It boggles the mind that people who put their faith as paramount — would permit politicians to exploit their beliefs and betray their trust time after time.
The following excerpts from David Kuo perfectly illustrate that problem. As a Special Assistant to President Bush and Deputy Director of the Office of Faith-Based and Community Initiatives, Kuo was connected to the top.
For two years I had bitten my tongue and toed the line. We in the faith-based office didn’t speak too loudly or thunder too much. We were nice. I wasn’t angry now, but I was no longer willing to lie.
Before your knee jerks to impugn his motives in coming clean:
Hearing the words “brain tumor” in proximity to the words “you have a” clarifies things. . . . My wife, my daughters, how I treat others, and how I live before God concern me greatly. That’s why I decided to write this book.
Kuo lost his fight to brain cancer 10 years later.
He was the genuine article: A tried-and-true believer with a willingness to reflect.
He was committed to the compassionate-conservative cause, and in so doing he struggled between his loyalty to Bush and honoring his Administration’s claims.
Try to keep that in mind as you read the following:
National Christian leaders received hugs and smiles in person and then were dismissed behind their backs and described as “ridiculous,” “out of control,” and just plain “goofy.”
The leaders spent much time lauding the president, but they were never shrewd enough to do what Billy Graham had done three decades before, to wonder whether they were just being used.
As Kuo wrote in his Afterword — in 2004 he was asked to speak at the St. Louis Family Church (his “spiritual home” he called it). He relayed how after the service someone came up to him and said:
“You tell President Bush to get that Supreme Court right!”
He had heard it all many times before and always responded in a “pat” and polite manner to put the person’s mind at ease, but not this time:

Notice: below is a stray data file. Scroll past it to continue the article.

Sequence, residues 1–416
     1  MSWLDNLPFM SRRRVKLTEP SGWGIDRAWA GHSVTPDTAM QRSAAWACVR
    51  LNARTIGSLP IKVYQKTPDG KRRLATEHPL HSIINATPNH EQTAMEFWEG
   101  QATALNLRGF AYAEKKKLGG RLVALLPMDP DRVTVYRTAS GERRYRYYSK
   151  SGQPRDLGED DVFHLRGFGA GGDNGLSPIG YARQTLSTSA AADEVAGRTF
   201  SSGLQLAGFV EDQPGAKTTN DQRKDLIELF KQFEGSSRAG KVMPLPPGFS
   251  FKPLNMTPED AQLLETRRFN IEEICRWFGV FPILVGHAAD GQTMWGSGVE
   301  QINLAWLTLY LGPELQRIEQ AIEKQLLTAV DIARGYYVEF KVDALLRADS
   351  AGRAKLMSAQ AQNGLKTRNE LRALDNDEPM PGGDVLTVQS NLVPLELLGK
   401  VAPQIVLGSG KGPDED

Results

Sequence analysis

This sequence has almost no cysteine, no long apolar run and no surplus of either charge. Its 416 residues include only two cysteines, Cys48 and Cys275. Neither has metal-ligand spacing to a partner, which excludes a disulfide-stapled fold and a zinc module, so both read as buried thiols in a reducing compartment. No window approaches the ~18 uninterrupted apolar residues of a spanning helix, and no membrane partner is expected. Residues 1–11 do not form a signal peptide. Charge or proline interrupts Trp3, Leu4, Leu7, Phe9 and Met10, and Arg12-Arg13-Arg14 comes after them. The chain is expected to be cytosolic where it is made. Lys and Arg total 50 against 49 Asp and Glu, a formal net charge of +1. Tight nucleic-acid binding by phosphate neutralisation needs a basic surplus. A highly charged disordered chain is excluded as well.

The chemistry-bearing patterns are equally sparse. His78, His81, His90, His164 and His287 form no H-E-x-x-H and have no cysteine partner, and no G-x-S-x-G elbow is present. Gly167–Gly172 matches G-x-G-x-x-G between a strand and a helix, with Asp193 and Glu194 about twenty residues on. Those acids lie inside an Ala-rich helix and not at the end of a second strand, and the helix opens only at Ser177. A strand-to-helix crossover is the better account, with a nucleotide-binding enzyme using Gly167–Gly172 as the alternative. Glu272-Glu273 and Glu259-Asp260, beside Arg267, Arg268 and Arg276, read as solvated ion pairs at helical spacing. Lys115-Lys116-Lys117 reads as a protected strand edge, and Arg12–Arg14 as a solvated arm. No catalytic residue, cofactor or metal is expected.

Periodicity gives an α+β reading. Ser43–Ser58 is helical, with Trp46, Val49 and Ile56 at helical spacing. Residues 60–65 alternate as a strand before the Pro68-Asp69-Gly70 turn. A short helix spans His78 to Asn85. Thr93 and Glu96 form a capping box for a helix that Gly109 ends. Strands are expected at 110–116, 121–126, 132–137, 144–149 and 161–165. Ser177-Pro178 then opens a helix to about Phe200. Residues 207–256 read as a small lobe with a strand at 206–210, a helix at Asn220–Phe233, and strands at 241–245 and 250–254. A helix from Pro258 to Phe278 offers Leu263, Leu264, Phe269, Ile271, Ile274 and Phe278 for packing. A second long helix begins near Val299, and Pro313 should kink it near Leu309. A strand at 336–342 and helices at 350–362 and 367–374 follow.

That night . . . I threw out the old script. Instead, I said, “Maybe the problem isn’t the courts, maybe the problem is us. Maybe things are so screwy because we’ve spent more time thinking about how to advance politically than we have about just changing our own lives.”
On top of being incredibly informative, his book is an enjoyable read.
Everything he advocates comes back to the concern he quoted from a “prominent pastor”:
What we’ve done is turn a mission field into a battlefield
But now we got weapons
Of chemical dust
If fire them we’re forced to
Then fire them we must
One push of the button
And a shot the world wide
And you never ask questions
When God’s on your side
— Bob Dylan
And I speak from experience
I have thrown golf clubs with Ralph Reed and speared fish with John Ashcroft. I have eaten epic meals with Bill Bennett. George W. Bush whipped me silly in a private running race.
From 1989 until I joined the Bush White House in 2001, I longed for the day the right political leaders would arrive, govern morally, eloquently profess their Christian faith, and return America to greatness.
Most of our problems could be solved politically, I believed. Now I know better.
I have seen what happens when well-meaning Christians are seduced into thinking deliverance can come from the Oval Office, a Supreme Court chamber, or the floor of the United States Congress.
They are easily manipulated by politicians who use them for their votes, seduced by trinkets of power, and tempted to turn a mission field (politics) into a battlefield, leaving the impression Jesus’ main goal was advancing a particular policy agenda.
I know: I’ve seen it, I’ve done it, I’ve lived it, and I’ve learned from it.
“Now I know better . . . I’ve learned“: Imagine!
This nation has no such notion
Ah, you may leave here, for four days in space
But when you return, it’s the same old place
The poundin’ of the drums, the pride and disgrace
You can bury your dead, but don’t leave a trace
Hate your next-door neighbor, but don’t forget to say grace
For all I know, our Navy was shooting at whales out there
We must be clear-sighted in beginnings, for, as in their budding we discern not the danger, so in their full growth we perceive not the remedy . . .